|2010/3||Magazine / Spring 2010||40th Anniversary Commemorative Book / As a lasting memento of the Museum|
|2010/3||Magazine / Spring 2010||Ruby Anniversary Celebrations |
|2010/3||Magazine / Spring 2010||Schools|
|2010/3||Magazine / Spring 2010||Ruby Anniversary Charity Ball |
|2010/3||Magazine / Spring 2010||Friends Grand Draw / The Friends of the Museum are promoting this draw to raise funds for the Museum|
|2010/3||Magazine / Spring 2010||Quilt Project / Effie Galletly (http://www.netherfield gallery.net), a professional quilt maker and artist, will lead a special project this year to make a Museuminspired patchwork quilt. The quilt will be made at the Museum under Effie|
|2010/3||Magazine / Spring 2010||The Access Project options appraisal / In preparing for our 40th Anniversary celebrations I have been looking back over the minutes of the Museum|
|2011/10||Magazine / Autumn 2011||In Brief - our partnership with the South Downs Naitonal Park Authority / The museum has been awarded a Sustainable Development Community Grant by the South Downs National Park authority. This will be used to fund a feasibility study by museum consultant Jane Weeks which will also form the basis of the museum's Gateway Project Heritage Lottery Fund bid. As part of the study we are working on developing an introductory display about the National park in Hambrook barn, based around the Weald and Downland geological model which has been moved there from the former Redbins farmyard exhibition.|
|2011/10||Magazine / Autumn 2011||From the Chairman / Much seems to have happened since I wrote this column for the spring issue of the magazine. Not a bad start to our second 40-year period or post-Ruby era!|
We believe that in the coming decades interest in our cultural heritage will continue to grow and relating that to our landscape and built environment is where this museum can excel, through its specialist knowledge and collections, allied to a wonderful site.
I would like to welcome Diana Zeuner as our newest Vice President. Diana will be remembered by many from her time at the museum when her husband, Chris, was our Director from 1974 until his death in 2001. Diana has remained a loyal support and is the editor of the magazine.
|2011/10||Magazine / Autumn 2011||From the Director / Returning to the museum, now as Director, has been a very stimulating and enjoyable experience. Many changes have taken place while I have been away, including the Downland Gridshell, Longport framhouse and the Winkhurst tudor kitchen as well as the highly successful adult learning programmes. The latter received richly-deserved international recognition in June when the museum won a coveted Europa Nostra award and was named a Grand Prix laureate by the European Commission.|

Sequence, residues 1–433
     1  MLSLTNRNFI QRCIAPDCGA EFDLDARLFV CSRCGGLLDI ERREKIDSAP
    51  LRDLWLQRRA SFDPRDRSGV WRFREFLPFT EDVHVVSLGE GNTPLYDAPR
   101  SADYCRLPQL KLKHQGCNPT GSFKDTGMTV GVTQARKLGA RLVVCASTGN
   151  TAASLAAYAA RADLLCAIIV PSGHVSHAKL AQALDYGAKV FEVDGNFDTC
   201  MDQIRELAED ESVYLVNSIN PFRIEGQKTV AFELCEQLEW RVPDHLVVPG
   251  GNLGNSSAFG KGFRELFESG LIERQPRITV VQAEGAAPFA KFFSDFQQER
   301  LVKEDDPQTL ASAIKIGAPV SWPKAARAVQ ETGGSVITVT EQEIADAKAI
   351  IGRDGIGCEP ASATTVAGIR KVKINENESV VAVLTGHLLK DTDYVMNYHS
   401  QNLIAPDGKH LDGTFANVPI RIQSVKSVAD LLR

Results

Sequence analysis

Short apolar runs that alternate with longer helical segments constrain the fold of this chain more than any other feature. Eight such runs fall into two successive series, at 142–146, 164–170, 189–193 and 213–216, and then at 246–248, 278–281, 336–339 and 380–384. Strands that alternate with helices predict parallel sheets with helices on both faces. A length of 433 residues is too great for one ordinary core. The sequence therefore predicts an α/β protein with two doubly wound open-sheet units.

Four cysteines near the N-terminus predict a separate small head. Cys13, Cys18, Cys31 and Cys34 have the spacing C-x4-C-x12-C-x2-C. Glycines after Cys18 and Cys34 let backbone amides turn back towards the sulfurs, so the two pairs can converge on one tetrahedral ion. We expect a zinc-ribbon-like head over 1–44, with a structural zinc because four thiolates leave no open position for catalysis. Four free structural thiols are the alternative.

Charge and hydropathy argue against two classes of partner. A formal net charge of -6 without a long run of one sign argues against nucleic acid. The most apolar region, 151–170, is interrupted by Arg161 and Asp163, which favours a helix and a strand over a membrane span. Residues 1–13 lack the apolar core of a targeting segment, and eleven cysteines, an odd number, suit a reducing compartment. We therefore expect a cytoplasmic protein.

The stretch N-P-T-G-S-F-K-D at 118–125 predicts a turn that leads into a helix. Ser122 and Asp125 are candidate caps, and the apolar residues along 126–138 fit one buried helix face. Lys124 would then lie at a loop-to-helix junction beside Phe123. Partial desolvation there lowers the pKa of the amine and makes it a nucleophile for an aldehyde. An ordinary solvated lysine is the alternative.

My first task was the completion of the St Margaret's Mission Church from South Wonston and the Building Crafts Gallery, ready for the official opening by HRH The Duke of Gloucester in April. The next re-erection project is planned for September 2012 when Tindalls Cottage will take its place on site.
A difficult year, weatherwise and the economic climate has made it a less than easy season as regards visitors. At the Rare Breeds Show it poured with rain resulting in considerably lower attendance. Fund raising is n \\
|2011/10||Magazine / Autumn 2011||Learning about the lives of our forebears / After 17 years in different roles at the museum, Karen Searle Barrett was appointed as the new Head of Interpretation. She describes how we do this at the museum.|
What we do best here is talk to the visitors, as well as carry out many demonstrations in our building exhibits, showing and discussing with visitors such activities as cooking, spinning, making natural dyes, domestic arrangements and gardening. Traditional crafts and rural skills such as pole-lathe turning, lime slaking, blacksmithing, lead working are all vehicles for enhancing the visitor experience and better explaining our heritage.
The decision to furnish some of the houses was a big step in our interpretation work. It can never be known for sure how their previous occupants lived and worked so everyting is conjectural but based on historical evidence and research.
|2011/10||Magazine / Autumn 2011||The museum's Festival of Steam / A beautiful sunny weekend brought out a big crowd for the annual Festival of Steam, which celebrates the historical significance of many uses of steam power. Steam engines in use across the site demonstrated the kind of work for which they were originally designed.|
|2011/10||Magazine / Autumn 2011||Filming early ploughing / The museum's sussex cattle have been worked on chair harrowing, carting and ploughing by Chris Baldwin, supported by volunteers. The cows, Gwynne, Graceful, Rose and Ruby, are thought currently to be the only working team in the country. They were filmed by Lion TV during the summer and will ba making a guest appearance on the Antiques Roadshow in april on BBC TV next year.|
|2011/10||Magazine / Autumn 2011||Farming update / The hop garden in front of Bayleaf has had a much smaller yeald than usual due to the very dry spring and wet and windy summer. Many of the poles blew over in the storm in September. However a sufficient quantity was harvested to send to Ballards Brewery at Rogate, where they are used to make a green hop beer. The museum hopes, in the future, to produce our own beer.|